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### Topic: Solar charger help (Read 1 time)previous topic - next topic

##### Jun 15, 2011, 10:57 am
hi everyone i made a solar charger using this circuit:http://electroschematics.com/4746/solar-charger-circuit/
all worked out well but the problem is im using two 5v,30ma solar panels which i connected in parallel ,is there any way i can increase the current output to about 300ma,right now its giving 70ma,is there a way to build a circuit that would increase current output?
thanks

#### pwillard

#1
##### Jun 15, 2011, 01:39 pm

You can get current flow only within the abilities of your "source".  You can't magically multiply unavailable current.  In this case, your source is limited to being able to produce 30MA... so, yes, if you add two in parallel, you get twice the current capacity.

Your solar cell is sort of just like a battery.  You can get 8000 mAh (max) from a D cell battery, but you can only get 300 mAH max from a AAAA cell.  You are sort of asking... how can I get 2 AAAA batteries to give the the same current as a D cell battery...  which... is not really in the realm of "possible".

Well, nothing is impossible until you try.  It's nice that you tried and now you know the limits of your design.  You also know how to solve it.  You just need to buy 8 more solar panels.

#### Magician

#2
##### Jun 15, 2011, 02:17 pm
It's not clear, what kind of battery you are trying to charge?
There point is,  If there is a big difference between solar panel output voltage and maximum
voltage (fully charged) of the battery, you  can built more "efficient" charger and get more current.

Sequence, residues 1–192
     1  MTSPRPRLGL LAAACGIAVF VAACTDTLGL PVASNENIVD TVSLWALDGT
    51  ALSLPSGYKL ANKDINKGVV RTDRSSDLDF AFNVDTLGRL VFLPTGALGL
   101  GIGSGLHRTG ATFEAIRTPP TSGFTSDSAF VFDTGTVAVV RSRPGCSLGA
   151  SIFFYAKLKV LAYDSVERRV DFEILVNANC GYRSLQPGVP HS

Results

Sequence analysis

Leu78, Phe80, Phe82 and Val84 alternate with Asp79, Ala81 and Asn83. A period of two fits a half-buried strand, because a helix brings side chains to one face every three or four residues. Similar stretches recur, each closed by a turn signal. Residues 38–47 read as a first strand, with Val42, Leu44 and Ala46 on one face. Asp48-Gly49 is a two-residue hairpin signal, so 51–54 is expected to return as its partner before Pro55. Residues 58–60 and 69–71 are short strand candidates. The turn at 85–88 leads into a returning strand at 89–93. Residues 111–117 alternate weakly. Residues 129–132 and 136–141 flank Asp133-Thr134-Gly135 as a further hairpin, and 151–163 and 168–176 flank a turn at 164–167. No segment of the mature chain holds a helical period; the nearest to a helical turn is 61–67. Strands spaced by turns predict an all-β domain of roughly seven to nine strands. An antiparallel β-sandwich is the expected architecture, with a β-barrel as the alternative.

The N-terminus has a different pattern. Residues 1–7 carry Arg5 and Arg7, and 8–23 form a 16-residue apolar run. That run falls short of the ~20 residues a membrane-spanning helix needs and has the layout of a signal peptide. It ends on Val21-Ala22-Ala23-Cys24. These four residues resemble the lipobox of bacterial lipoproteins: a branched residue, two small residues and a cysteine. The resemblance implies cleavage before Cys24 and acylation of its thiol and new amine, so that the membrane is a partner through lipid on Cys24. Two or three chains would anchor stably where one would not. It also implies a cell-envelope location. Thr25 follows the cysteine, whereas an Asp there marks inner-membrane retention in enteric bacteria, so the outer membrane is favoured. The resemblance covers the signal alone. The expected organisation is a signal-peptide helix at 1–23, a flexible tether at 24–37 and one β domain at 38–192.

Circuitry, shown on a  link, is  "linear" voltage regulator, it's mean doesn't matter what surplus voltage on the input, it will be "lost". I'd suggest to build a switching regulator,  DC/DC converter.
( http://www.sparkfun.com/products/9275 or something like that).
For example:
Solar panel output     = 10 V in broad day light;
Fully charged battery = 5 V.
Input current             = 70 mA.
Output current          = Power(out)  / V(bat.) = Power(in) * K(ef.) / V(bat).
where K(ef) is efficiency of switching regulator,  93.6 % (5 V)

I(Output current) = I(in) * V(in) * K / V(bat.) = 70 * 10 * 0.9 / 5.0 = 130 mA.

#3
##### Jun 15, 2011, 05:00 pmLast Edit: Jun 15, 2011, 05:04 pm by adilmalik Reason: 1
thanks both of u ,very helpful,
@magician so in short ur saying that the excess voltage gets converted into extra current???
is there an easy circuit to do so?

BTW right now i am just charging a small mp3 player,i dont have its battery specs but half battery got charged in 1hr

#4
##### Jun 15, 2011, 05:53 pm
im also a little confused, regarding chargers, for example i checked the current output of a wall adapter which says 12v 800ma,but when i connect it to my multimeter like +to red and -to black node ,it reads 5amps??why is this does the current output depend on the device charging???

#### tastewar

#5
##### Jun 15, 2011, 06:25 pm
Because you've essentially provided a short circuit to your wall adapter. 800mA is what it's rated for. You pull 5A from it, it won't last very long...

#6
##### Jun 15, 2011, 07:16 pm
oh ok i was just checking it, so the rating means the max it should be used for not the max it can provide?so how can i measure the max output current of my solar charger? by connecting + to red and - to black node??

#### tastewar

#7
##### Jun 15, 2011, 08:05 pm
I would think that would be OK, since there's no chance it would try to draw more power from the sun than it was designed for ;-)

Still, I can't speak with any authority on the device, so I'd only connect it that way for a short while. It'd be interesting to measure the output under differing levels of light...

#8
##### Jun 15, 2011, 08:21 pm
yes yes it changes under different light levels,so other question can i convert excess voltage into current

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